Vegetables are another favorite for steaming, and not just because it preserves their nutrients.
Steamed vegetables maintain their vibrant color and exciting flavors, as well as their delicate vitamins and minerals.
It is one of the most common reasons that people get a food steamer.
When steaming vegetables, remember that you can be creative; toss them in herbs and spices before cooking for an added burst of flavor, or stir perfectly steamed vegetables into the wok just at the end of cooking for a perfect Asian stir-fry dish.
We all agree that we need to eat more vegetables, and steaming is the best way to do it.
Cooking rice with a steamer is a lot easier than using a pot or rice cooker.
It is also less likely to become mushy since they're not agitated by boiling water.
All you need is a bowl of washed rice with a 1:1 ratio for water and 20 minutes of steaming.
Lightly sprinkle with some salt before steaming so you end up with a sweeter bowl of rice.
Other grains like quinoa for example, also work perfectly well with steaming.
If you love Japanese Chawanmushi, you can make them with a food steamer.
Steamed eggs deliver delicious, perfectly cooked eggs time after time.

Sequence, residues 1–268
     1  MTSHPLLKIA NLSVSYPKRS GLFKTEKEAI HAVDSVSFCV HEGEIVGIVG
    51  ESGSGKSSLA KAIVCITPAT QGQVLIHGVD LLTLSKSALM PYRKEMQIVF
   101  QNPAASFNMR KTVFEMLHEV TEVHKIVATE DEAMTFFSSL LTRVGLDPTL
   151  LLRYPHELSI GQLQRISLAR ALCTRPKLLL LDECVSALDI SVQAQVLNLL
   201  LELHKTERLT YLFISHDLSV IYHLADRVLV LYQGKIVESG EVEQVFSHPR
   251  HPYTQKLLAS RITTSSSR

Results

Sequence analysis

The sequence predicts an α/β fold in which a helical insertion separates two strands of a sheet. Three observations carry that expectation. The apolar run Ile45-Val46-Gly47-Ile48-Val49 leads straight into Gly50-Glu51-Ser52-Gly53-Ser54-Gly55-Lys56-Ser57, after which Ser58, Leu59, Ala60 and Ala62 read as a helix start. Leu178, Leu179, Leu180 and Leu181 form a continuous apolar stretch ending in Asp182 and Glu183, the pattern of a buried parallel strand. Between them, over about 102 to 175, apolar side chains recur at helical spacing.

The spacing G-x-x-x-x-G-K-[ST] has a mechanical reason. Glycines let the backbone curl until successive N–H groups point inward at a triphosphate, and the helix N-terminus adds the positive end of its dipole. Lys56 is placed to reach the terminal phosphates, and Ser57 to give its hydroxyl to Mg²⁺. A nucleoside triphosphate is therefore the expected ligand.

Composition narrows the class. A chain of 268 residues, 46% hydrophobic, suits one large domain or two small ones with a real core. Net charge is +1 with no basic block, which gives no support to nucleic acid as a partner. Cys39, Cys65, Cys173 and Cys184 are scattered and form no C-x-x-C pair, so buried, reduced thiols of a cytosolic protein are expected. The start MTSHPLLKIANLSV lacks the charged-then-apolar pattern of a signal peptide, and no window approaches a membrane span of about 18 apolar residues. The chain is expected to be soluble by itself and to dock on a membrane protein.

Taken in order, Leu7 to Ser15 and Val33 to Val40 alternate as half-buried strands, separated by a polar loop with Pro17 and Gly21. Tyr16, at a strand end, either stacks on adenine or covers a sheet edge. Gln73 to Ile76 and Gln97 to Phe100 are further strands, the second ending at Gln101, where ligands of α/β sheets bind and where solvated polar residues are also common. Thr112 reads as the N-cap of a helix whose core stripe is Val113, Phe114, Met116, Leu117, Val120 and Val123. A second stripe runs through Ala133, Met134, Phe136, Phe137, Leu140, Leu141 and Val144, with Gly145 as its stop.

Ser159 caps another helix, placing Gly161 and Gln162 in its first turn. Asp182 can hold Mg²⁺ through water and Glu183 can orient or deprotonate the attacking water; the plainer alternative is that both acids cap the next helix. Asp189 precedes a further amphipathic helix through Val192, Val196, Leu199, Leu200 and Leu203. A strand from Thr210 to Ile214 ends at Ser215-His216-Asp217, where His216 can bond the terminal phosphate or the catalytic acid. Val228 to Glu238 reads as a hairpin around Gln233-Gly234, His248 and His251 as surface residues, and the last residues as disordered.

The temperature from steam is more gentle and even. Which in turn make some soft and creamy egg custards.
Be sure to strain the egg mixture through a fine-mesh sieve into another bowl before steaming.
This little trick will ensure silky smooth custards that many people miss during their first attempt.
When they are done, sprinkle with chives, sliced mushrooms, or bonito flakes to your liking.
It is a perfect, creamy, single-serving egg dish for any time of day.
You can also steam eggs to a soft boiled or a hard-boiled consistency, and they peel perfectly.
Steamed buns are a staple of many Asian cuisines, and these buns are tender and delicious.
They are the perfect option when you have leftover BBQ or roasted meats laying around from previous meals.
You can also steam wheat bread and banana bread so they come out moist and tender.
Steaming works particularly well for carrot and zucchini bread.
The results are moist bread with excellent texture while the vegetables in the dough retain their fantastic color and flavor.
We often don't think of cooking meat and poultry in a food steamer, because we so often want the delicious meat browning associated with grilling and roasting.
However, steaming meat has the same effect as braising, where the meat is exceptionally moist and tender.
It is also healthier because fats drip off the meat into the steaming liquid.
With this method, seasoning the meat well ahead of time is important.
Consider using garlic, herbs, or citrus juices to add extra flavor.
If you do want the browning, just spend another minute on the frying pan after steaming.
This way, the meats don't end up overcooked and dry. Best of both worlds.
Steaming food is an ancient practice with thousands of modern applications.
Many health-focused diets, like CRON, Okinawa, and Macrobiotic, encourage the use of steaming as the preferred way to prepare food.
Nutrients are more intact when compared to boiling. It also retains the texture, color, and flavor of foods.
Food steamers are more versatile than you may have thought.
Many home cooks are experimenting and finding more ways to use steaming in a variety of cuisines.